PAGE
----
After loading the Linux kernel, the TPS 65021 is programmed via I2C? (/usr/share/lua/5.1/pwrfix.lua) - devices' I2C? address is 0x48.

  • Device is set to PWM mode (register 0x04 = 10110010b).
  • Core voltage set to 1.5V (register 0x06 = 00011100b).
  • Codec and USB power line (LD02) to 1.8V, LCD display module (LD01) to 2.85V (register 0x08 = 00110110b).

HID (ATMEL MEGA165PV? microcontroller)

The HID handles external devices - it is interfaced to the CPU via its built SPI interfase, clocked at 200 KHz.

This device is initialized on boot - the firmware loaded on it is located on /lib/clicky165.bin. The Fuse high byte register is set to 0xd1 (OCD and JTAG enabled, watchdog always on, uses reset vector), while the fuse low byte is set to 0xC2 (divide clock by 8, enable clock output, use clock source 1).

Once programmed, it accepts commands (via SPI) which are defined in /usr/include/hidif.lu. These are used to control & query external devices:

Name Command Description
CMD_SYNC 0xAA Sync with device to send/receive
Marks the beginning of a command
CMD_CLOSE 0xCC Close sync
Marks the end of a command
CMD_VER 0xBC  
CMD_FILL 0xFF Filler - seems to be used to signal HID that it can send data back
CMD_CODEC_RESET 0xD7 Reset codec
CMD_ADC_START 0xD8 Initalize ADC
CMD_ADC_RESULT 0xD9, 0xFFFF  
CMD_SYS_CTRL 0xDA Sends command SYS_CTRL_xxx
SYS_CTRL_POWEROFF 0x00 Powers off the Connect
SYS_CTRL_RESET 0x01 Reset the Connect
SYS_CTRL_SLEEP 0x02 Sleeps the Connect
SYS_CTRL_DIS_WD 0x03  
SYS_CTRL_KICK_WD 0x4  
SYS_CTRL_EN_HDQ_THERM 0x5  
SYS_CTRL_EN_TS_THERM 0x6  
SYS_CTRL_FRESET 0x80  
CMD_SET_INTCHRG 0xD1  
CMD_GET_INTCHRG 0xD2, 0xFF  
CMD_SET_EXTCHRG 0xC6  
CMD_GET_EXTCHRG 0xC7, 0xFF  
CMD_GPIOD_SET_BANK 0xDB  
CMD_GPIOD_SET_PORT 0xDC  
CMD_GPIOD_GET_PIN 0xDF, 0xFF  
CMD_GPIOD_SET_DDR 0xE0  
CMD_HDQ_READ 0xC0 Read HDQ (battery) data
CMD_HDQ_WRITE 0xC1 Write HDQ (battery) data
CMD_HDQ_STATUS 0xC2, 0xFFFF OK = 0, not ready = 1, timeout = 2
CMD_STATE 0xBB, 0xFFFFFFFFFFFFFFFF  
CMD_PGMWAKE 0xBF  
CMD_LCM_POWER 0xC9 Sends command LCM_xxx to LCD driver
LCM_POWER_OFF 0x00 LCD power off
LCM_POWER_ON 0x01 LCD power on
LCM_POWER_SLEEP 0x02 LCD sleep
LCM_POWER_WAKE 0x03 LCD wakeup
LCM_REPOWER_ON 0x04  
CMD_WHEEL_EN 0xD0  
CMD_MONOTIME 0xBD, 0xFFFFFFFF  
CMD_MONORSTCNT 0xE4, 0xFFFF  
CMD_SET_USBCHRG 0xE2  
CMD_GET_USBCHRG 0xE3, 0xFF  
CMD_GET_DOCK_STATE 0xE5, 0xFF  
CMD_READ_DOCK_STATE 0xE6  

Sync sequence is CMD_SYNC -> CMD_VER -> CMD_FILL -> CMD_CLOSE, while command sequence is CMD_SYNC -> command -> CMD_CLOSE -> CMD_FILL Communication to this device is handled by /usr/bin/hidtool, which is a binary file.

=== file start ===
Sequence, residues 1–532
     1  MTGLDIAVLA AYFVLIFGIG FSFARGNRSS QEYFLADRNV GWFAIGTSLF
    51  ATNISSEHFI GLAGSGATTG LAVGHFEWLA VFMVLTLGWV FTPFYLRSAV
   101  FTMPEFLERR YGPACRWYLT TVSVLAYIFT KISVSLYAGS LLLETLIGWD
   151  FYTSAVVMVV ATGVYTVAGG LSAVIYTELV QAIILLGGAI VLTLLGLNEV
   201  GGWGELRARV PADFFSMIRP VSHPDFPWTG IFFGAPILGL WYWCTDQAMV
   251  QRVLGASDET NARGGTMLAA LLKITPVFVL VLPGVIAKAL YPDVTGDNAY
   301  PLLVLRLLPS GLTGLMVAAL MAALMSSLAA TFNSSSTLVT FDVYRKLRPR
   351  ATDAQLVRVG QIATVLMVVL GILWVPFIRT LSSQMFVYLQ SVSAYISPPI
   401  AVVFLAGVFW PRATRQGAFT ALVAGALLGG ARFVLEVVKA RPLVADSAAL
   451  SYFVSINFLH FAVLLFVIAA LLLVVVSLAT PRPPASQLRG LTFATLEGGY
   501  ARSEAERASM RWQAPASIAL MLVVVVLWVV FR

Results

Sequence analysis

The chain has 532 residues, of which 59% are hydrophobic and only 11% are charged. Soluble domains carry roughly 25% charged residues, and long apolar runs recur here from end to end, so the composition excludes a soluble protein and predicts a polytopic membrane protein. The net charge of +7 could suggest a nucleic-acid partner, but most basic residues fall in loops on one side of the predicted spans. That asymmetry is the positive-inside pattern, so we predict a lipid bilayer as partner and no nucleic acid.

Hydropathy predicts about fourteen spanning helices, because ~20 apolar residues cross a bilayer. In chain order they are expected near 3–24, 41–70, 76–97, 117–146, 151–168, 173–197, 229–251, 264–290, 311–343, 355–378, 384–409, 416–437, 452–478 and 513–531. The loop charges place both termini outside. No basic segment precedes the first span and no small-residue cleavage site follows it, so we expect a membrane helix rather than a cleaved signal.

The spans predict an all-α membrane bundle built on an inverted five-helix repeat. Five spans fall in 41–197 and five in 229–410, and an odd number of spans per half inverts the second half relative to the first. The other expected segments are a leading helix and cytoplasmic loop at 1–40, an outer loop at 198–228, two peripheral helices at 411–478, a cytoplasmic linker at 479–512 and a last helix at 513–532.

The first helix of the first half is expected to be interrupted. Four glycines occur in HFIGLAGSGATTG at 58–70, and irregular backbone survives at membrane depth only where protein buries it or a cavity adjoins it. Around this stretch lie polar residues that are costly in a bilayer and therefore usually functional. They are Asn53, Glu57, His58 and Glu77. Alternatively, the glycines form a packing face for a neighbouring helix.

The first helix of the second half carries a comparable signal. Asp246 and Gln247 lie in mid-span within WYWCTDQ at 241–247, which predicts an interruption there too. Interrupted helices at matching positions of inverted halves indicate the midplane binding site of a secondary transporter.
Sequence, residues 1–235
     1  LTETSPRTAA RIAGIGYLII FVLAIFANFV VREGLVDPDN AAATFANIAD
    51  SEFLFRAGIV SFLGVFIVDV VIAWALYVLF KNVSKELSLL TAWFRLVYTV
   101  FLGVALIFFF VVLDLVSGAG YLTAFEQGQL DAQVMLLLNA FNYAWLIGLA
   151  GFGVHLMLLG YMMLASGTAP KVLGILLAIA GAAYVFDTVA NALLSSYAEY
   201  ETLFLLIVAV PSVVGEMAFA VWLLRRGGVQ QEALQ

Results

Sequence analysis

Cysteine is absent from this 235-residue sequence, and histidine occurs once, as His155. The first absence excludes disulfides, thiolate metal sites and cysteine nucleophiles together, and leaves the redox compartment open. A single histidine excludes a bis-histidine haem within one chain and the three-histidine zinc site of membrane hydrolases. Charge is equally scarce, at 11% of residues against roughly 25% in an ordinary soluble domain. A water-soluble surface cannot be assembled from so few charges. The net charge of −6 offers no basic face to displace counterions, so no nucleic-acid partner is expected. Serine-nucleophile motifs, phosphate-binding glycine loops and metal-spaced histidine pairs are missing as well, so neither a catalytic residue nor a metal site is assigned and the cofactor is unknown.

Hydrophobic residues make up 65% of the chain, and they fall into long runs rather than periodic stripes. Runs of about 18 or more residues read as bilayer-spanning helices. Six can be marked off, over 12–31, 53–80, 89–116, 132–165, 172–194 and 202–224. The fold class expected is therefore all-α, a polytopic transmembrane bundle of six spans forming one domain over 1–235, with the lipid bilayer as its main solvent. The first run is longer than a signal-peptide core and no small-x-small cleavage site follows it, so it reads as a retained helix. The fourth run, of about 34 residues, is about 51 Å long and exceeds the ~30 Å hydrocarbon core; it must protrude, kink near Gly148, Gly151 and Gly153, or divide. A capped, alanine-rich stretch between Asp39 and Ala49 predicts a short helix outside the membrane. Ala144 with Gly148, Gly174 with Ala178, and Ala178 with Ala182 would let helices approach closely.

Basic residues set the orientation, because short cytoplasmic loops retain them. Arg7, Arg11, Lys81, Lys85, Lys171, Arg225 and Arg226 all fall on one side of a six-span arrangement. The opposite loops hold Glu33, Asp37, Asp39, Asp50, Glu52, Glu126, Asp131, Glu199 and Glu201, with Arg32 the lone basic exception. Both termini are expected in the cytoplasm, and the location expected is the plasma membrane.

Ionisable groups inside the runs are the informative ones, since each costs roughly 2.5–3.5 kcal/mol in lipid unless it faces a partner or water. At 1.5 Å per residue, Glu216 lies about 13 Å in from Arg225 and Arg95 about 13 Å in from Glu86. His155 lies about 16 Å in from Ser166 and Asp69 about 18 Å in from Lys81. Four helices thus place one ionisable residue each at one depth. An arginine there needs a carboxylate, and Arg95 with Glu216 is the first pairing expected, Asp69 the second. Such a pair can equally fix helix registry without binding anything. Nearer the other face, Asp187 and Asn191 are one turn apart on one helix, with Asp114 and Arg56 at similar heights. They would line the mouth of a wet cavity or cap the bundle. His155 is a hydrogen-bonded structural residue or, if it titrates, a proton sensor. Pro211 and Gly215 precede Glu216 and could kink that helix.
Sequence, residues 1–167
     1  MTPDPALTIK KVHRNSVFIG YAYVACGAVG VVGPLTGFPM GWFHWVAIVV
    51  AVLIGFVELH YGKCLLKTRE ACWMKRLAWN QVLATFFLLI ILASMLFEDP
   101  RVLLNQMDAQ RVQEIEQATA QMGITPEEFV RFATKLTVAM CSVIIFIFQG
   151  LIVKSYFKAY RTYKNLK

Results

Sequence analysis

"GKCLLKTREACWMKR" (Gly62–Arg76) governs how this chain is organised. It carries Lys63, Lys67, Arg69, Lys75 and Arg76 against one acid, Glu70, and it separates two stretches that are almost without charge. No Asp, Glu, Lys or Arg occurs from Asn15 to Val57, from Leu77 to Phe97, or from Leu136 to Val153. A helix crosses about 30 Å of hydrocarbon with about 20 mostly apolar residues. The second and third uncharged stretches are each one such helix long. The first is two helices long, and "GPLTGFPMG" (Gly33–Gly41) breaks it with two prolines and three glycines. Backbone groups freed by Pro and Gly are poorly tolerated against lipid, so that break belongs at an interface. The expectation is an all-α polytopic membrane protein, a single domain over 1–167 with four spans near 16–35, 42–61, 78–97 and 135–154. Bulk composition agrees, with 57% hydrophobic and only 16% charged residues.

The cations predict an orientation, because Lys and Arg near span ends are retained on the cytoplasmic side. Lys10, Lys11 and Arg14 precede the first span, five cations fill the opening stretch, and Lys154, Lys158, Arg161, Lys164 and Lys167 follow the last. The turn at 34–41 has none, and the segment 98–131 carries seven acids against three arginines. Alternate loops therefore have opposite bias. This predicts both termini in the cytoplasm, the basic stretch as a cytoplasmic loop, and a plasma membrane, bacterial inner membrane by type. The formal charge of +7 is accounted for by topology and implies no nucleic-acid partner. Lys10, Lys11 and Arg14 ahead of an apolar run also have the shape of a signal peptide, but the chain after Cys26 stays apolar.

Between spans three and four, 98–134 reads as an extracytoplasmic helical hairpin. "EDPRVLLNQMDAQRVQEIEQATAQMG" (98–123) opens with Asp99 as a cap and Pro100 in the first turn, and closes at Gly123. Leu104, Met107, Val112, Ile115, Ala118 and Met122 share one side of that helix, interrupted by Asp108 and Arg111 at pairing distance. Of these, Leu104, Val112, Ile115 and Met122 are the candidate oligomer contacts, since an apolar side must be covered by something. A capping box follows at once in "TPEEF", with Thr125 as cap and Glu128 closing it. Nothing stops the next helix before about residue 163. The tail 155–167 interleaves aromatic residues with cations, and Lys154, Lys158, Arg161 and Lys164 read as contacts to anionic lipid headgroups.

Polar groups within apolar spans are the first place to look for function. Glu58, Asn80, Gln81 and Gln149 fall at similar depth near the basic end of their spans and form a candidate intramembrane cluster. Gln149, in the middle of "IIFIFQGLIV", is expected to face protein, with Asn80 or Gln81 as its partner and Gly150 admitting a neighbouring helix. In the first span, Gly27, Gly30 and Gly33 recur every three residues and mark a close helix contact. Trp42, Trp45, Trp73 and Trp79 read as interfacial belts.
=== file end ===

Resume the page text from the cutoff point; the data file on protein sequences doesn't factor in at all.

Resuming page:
Device also seems to work as a watchdog.

Atmel AT88SC? EEPROM and USB.

This device is read by the /bin/setupenv script - it retrieves both deviceid and MAC address and loads them into the $deviceid and $mac environment variables, respectively. Other environment variables (/etc/setupenv) are:

  • Manufacturer:"SanDisk"
  • Product name: "Sansa Connect"
  • Vendor ID: 0x0781
  • Product ID: 0x7480 (MTP more), 0x0F02 (Ethernet-over-USB mode), or 0x7482 (recovery mode)
  • Product revision: 0x0101

Recovery Mode

Recovery Mode can be reached by completely powering down the device (by holding off for 10 seconds). Holding the volume-up and right keys while powering the device back on switch it to recovery mode. In recovery mode the device uses different USB IDs (0781:7481 and 0781:7482, vs 0781:7480 in normal operation) - if installed under Windows the Sansa Connect Device Recovery software will automatically launch when a Connect in recovery mode is connected.

USB ID 0781:7481 is used for writing .SRR files to Flash, while 0781:7482 acceses the "Zaprecover" service (complete with a kernel module!!!), which handles dumping files to the filesystem.

Once linux is loaded, recovery mode is signaled by a persistent variable ("recoverzap") stored in flash. This flag is only removed after a sucessful recovery operation, so there's no way to exit recovery mode once entered without running the recovery operation (and therefore wiping the unit) with the stock initrd file.

Recovery sequence

  • Turn off the device completely (hold power key for 10 seconds)
  • Turn the device on while holding volume-up and the right button (above the wheel)
  • The device will boot showing a "recovery needed" indicator. On this mode the device exposes the USB ID 0781:7481, which zsi_fw.exe communicates to. This is NOT handled by linux - so it's either the linux bootloader or maybe even a previous instance of software. This mode is persistent after reboot.
  • Once the USB cable is connected the indicator is changed to "recovery in progress".